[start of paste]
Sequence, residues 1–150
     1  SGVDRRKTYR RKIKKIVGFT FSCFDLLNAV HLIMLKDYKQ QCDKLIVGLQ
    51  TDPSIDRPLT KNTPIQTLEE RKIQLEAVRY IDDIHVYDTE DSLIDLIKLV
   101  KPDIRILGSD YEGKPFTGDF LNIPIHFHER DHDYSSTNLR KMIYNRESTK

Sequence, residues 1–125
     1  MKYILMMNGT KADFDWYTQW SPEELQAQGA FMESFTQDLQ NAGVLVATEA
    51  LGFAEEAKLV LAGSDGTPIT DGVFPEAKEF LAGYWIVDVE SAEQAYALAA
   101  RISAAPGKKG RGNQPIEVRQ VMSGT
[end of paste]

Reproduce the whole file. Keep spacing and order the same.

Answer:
Sequence, residues 1–150
     1  SGVDRRKTYR RKIKKIVGFT FSCFDLLNAV HLIMLKDYKQ QCDKLIVGLQ
    51  TDPSIDRPLT KNTPIQTLEE RKIQLEAVRY IDDIHVYDTE DSLIDLIKLV
   101  KPDIRILGSD YEGKPFTGDF LNIPIHFHER DHDYSSTNLR KMIYNRESTK

Sequence, residues 1–125
     1  MKYILMMNGT KADFDWYTQW SPEELQAQGA FMESFTQDLQ NAGVLVATEA
    51  LGFAEEAKLV LAGSDGTPIT DGVFPEAKEF LAGYWIVDVE SAEQAYALAA
   101  RISAAPGKKG RGNQPIEVRQ VMSGT